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Apps Rise and the Box’s Demise: A Peek at Pay TV’s Future

A decade ago, I joined MobiTV as the company was breaking new ground delivering Pay TV services, such as ESPN and ABC News, over mobile devices.

While the old school small screen flip phones, and 2G networks didn’t provide the ideal viewing experience, they did usher in the pivotal era of ‘TV Everywhere.’

Charlie Nooney, CEO and Chairman at MobiTV

A decade later, the delivery of Pay TV services on multiple devices is commonplace, and the pace of innovation and change has only accelerated. There is little doubt that even ‘traditional’ TV programming is being increasingly consumed on mobile and in-home retail streaming platforms.

Looking back at the unpredictable nature of the last ten years, any effort to forecast the future simply based on current trends is risky at best. After all, in 2007, the viewing experience of Pay TV was very similar to the experience twenty years prior, with the introduction of HD in the 2000s representing one of the only noticeable changes for the end user. Cable companies were facing little to no competition outside of satellite, and innovation was simply not priority.

In 2007 the iPhone launched with only a promise of third party app stores. Blockbuster believed in the retail environment, and dismissed the streaming technology challenge of Netflix. Tablets and larger screen mobile devices were nonexistent. The point is that any predictions should be taken lightly. However, looking at the intersection of business, entertainment, and technology, there are some emerging trends that seem like fairly safe bets. The underlying factor is that Pay TV is experiencing a transition to pure IP and open software, much like other industries, from telephony to transportation, have recently done.

That said, any predications over the next few years will have to take into account the following:

Speed of networks and access

Perhaps the most impactful change in the next few years will be the commercialization of 5G networks. The leap to 5G will bring far greater speeds and connectivity to homes, assuming the investments are made. The continued improvement will be a game changer by reducing latency and improving quality.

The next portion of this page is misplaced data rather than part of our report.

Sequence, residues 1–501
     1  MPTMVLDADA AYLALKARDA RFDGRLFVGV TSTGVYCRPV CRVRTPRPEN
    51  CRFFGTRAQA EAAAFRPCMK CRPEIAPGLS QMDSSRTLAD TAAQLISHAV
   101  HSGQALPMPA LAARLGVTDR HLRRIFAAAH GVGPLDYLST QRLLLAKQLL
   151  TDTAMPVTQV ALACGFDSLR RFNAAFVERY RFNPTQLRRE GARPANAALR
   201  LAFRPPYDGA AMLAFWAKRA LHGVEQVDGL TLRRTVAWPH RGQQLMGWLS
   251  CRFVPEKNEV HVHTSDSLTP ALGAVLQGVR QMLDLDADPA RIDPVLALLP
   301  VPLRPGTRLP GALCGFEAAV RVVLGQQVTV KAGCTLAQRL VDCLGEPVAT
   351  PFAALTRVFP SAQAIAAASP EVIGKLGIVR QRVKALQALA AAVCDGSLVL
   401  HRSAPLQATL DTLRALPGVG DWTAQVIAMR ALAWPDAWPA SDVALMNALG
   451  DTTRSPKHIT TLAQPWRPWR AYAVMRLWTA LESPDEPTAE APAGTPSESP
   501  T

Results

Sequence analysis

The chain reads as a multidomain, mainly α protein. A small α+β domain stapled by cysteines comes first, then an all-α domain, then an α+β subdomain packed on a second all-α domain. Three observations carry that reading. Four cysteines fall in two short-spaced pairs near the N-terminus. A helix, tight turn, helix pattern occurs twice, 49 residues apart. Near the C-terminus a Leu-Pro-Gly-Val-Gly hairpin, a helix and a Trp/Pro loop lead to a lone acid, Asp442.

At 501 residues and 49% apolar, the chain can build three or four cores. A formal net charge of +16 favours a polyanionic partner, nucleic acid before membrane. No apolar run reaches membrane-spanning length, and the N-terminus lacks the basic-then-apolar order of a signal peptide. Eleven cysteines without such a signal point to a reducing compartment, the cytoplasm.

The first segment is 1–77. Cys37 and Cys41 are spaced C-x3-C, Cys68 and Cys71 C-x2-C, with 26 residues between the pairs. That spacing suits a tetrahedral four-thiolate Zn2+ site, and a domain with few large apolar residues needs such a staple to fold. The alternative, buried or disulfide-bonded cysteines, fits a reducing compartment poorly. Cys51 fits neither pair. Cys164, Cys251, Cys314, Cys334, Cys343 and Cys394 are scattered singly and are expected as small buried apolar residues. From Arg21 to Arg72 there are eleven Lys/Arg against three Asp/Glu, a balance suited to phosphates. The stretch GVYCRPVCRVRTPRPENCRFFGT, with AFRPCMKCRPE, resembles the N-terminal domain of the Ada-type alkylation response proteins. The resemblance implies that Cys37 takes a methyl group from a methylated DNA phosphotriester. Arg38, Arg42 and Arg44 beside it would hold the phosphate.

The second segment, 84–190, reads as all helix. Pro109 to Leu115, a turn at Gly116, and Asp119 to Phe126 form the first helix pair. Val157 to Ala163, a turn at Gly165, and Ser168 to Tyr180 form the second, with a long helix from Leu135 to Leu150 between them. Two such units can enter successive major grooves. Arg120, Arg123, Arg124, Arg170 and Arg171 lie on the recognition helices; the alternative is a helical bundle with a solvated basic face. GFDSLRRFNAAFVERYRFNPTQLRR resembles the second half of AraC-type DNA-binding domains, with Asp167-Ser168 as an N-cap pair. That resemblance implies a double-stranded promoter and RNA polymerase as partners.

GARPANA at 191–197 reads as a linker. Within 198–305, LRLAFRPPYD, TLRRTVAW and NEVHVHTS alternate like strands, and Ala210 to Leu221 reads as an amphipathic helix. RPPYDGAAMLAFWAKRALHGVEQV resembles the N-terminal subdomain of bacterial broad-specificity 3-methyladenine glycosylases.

Cable companies have become broadband companies and the bundling of video with broadband will be table stakes. The FCC recognizes the importance of 5G as the cornerstone of a national broadband overhaul. Clearly, the need for robust broadband fabric is a prerequisite for next generation of TV viewing.

Rich device ecosystem

Apps have become the way new services are discovered and delivered. This does not happen without powerful play stores and devices that provide increasingly compelling experiences. Clear winners have been established in the mobility sector, putting entire platforms to rest (e.g. Windows Mobile, Blackberry, BREW, etc.). The home is the next battleground for video. Eventually, the lines will be increasingly blurred between location (in-home viewing) and screen size (TV, tablet, phone). The service must be delivered when and where the consumer demands because the money will follow the demand. TV services have the opportunity to leverage millions of dollars of investments in OS platforms, device development, and specialized services (e.g. Alexa, Siri, etc.) to deliver the optimal viewing experience. It is also possible to envision a world where your mobile device is your “Set Top box” that provides you with a completely portable and personalized experience.

Content

Technology and infrastructure are not the biggest wild cards in any future projections. Rather, it is the path of content providers. In ten years, the commercially-created constructs of in-home entertainment, TVE, and OTT will likely be gone. Service providers will not think in terms of a “channel lineup” that consumes a set amount of network capacity. Content will be on-demand and lineups will be fluid. Content providers will need to adapt to new distribution mechanisms and be creative to garner the number of eyeballs required to sustain their business. IP will make it simple to customize an experience for an end user, and make the interchange of content simple for the operator. Just as the cost structure to deliver a Pay TV service today for an operator will become less expensive, so will the creation and distribution of compelling content in an all IP world.

What evolves over the next ten years will be driven by a generation that demands a better, faster and cheaper user experience. The changes will not be for the faint of heart.

Charlie Nooney is CEO and Chairman at MobiTV.

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